One recommendation to solve mistakes or misunderstandings in proxy advisory firm reports is to provide each public company with a draft of the report before it is issued and request comments on any factual issues or incorrect assumptions.

We understand your company uses a data portal to help ensure that the facts it uses are accurate, but it does not provide public companies with any type of advance review of draft reports.  Unlike Institutional Shareholder Services, your company also charges each company for one copy of its final report, after it is issued.

  • Why doesn’t Glass Lewis initiate a draft review process for companies, in order to improve the quality of your reports?
  • Why do you charge companies for a courtesy copy of the report once it is issued?
  • If an issuer identifies an error in a draft report, what corrective measures do you take?
  • Do you publicly disclose your guidelines and methodologies for preparing draft reports?  If not, why not?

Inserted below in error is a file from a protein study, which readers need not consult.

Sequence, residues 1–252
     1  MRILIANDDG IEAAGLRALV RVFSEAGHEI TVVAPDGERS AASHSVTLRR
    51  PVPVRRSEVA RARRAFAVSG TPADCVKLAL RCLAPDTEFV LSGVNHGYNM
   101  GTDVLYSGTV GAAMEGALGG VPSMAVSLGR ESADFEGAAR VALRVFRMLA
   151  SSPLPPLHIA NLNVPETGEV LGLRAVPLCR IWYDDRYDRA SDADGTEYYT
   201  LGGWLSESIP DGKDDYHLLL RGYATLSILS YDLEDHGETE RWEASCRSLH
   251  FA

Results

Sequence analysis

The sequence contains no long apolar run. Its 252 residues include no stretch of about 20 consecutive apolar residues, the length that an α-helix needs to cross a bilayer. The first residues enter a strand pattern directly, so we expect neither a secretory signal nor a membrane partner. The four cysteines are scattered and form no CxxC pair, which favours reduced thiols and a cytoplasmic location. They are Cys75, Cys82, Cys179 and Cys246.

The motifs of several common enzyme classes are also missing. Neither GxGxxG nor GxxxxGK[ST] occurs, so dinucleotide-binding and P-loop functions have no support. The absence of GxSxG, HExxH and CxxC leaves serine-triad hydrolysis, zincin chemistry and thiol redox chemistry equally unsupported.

• As you are aware, ISS is a registered investment adviser with the SEC.  Why has your company chosen not to register with the SEC as an investment adviser?

3)      Conflicts of Interest – While Institutional Shareholder Services has a consulting service that charges public companies a fee to learn how best to comply with its benchmark voting policies and obtain favorable recommendations in the future, my understanding is that Glass Lewis does not have any type of affiliated consulting service that provides advice to the same companies that it is making voting recommendations on to its clients.

  • Is this correct?

We also understand that, unlike Institutional Shareholder Services, Glass Lewis discloses any potential or actual conflict of interest to its clients on the front page of each company report.

  • Is this correct, and please provide us with an explanation about the types of conflicts that you identify and disclose?